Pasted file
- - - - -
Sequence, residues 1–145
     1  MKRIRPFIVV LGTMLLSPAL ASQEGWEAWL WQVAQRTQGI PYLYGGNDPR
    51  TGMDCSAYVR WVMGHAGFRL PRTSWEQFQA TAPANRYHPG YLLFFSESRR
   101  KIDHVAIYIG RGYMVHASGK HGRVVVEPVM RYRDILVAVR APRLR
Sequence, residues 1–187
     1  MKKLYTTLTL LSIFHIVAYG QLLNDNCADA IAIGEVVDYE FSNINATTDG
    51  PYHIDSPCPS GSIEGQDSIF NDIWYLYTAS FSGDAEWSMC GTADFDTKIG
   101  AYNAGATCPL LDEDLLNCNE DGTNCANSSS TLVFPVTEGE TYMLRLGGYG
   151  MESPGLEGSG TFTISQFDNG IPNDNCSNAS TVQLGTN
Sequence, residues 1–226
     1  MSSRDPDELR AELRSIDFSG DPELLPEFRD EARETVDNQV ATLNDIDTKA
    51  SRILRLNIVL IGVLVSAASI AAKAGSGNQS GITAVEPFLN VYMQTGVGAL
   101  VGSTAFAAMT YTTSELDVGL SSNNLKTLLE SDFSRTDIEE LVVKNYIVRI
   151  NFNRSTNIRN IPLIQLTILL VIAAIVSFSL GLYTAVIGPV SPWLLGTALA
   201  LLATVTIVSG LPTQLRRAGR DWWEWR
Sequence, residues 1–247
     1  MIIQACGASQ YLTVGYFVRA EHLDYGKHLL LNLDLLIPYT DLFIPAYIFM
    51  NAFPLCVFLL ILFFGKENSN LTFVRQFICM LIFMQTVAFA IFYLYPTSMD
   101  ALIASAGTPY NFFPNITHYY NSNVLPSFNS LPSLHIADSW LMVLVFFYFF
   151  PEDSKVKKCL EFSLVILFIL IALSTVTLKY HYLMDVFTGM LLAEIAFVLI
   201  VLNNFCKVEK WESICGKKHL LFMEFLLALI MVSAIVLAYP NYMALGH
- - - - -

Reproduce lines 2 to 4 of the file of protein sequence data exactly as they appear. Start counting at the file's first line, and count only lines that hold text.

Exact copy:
     1  MKRIRPFIVV LGTMLLSPAL ASQEGWEAWL WQVAQRTQGI PYLYGGNDPR
    51  TGMDCSAYVR WVMGHAGFRL PRTSWEQFQA TAPANRYHPG YLLFFSESRR
   101  KIDHVAIYIG RGYMVHASGK HGRVVVEPVM RYRDILVAVR APRLR